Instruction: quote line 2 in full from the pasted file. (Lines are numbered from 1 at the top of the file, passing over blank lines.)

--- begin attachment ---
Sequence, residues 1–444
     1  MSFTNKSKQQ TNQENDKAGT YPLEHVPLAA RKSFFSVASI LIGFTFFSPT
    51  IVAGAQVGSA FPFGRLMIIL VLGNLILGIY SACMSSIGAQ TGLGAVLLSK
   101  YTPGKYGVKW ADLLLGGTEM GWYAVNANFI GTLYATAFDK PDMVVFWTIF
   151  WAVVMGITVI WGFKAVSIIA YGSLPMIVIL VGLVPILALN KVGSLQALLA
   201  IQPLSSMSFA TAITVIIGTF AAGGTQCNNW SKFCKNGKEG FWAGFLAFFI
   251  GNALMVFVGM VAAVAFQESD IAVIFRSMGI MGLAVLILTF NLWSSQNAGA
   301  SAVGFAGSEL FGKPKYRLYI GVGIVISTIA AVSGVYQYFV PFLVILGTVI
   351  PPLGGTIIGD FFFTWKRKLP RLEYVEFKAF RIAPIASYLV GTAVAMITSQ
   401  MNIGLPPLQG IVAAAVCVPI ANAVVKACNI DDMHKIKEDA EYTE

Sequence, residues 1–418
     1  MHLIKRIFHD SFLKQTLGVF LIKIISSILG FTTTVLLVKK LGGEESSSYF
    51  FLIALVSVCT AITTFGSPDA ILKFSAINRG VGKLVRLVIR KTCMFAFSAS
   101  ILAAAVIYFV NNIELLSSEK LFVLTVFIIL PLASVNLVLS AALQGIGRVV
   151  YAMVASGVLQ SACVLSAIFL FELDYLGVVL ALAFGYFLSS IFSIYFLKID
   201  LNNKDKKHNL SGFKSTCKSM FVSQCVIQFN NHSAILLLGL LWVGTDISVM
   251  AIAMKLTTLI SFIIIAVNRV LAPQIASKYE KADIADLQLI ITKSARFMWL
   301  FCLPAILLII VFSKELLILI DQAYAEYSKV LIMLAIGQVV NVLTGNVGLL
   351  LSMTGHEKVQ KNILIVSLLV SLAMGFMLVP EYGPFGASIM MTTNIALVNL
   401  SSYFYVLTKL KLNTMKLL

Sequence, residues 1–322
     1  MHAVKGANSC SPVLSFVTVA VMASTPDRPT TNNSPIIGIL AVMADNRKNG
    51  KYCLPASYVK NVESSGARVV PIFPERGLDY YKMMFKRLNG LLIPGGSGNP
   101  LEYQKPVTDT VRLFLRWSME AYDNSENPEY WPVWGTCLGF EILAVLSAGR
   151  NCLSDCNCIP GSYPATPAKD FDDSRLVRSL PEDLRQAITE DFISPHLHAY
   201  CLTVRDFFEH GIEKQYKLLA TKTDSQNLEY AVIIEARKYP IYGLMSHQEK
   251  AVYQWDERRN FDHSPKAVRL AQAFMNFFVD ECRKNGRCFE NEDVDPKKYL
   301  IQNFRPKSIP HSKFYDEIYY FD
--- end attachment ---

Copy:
     1  MSFTNKSKQQ TNQENDKAGT YPLEHVPLAA RKSFFSVASI LIGFTFFSPT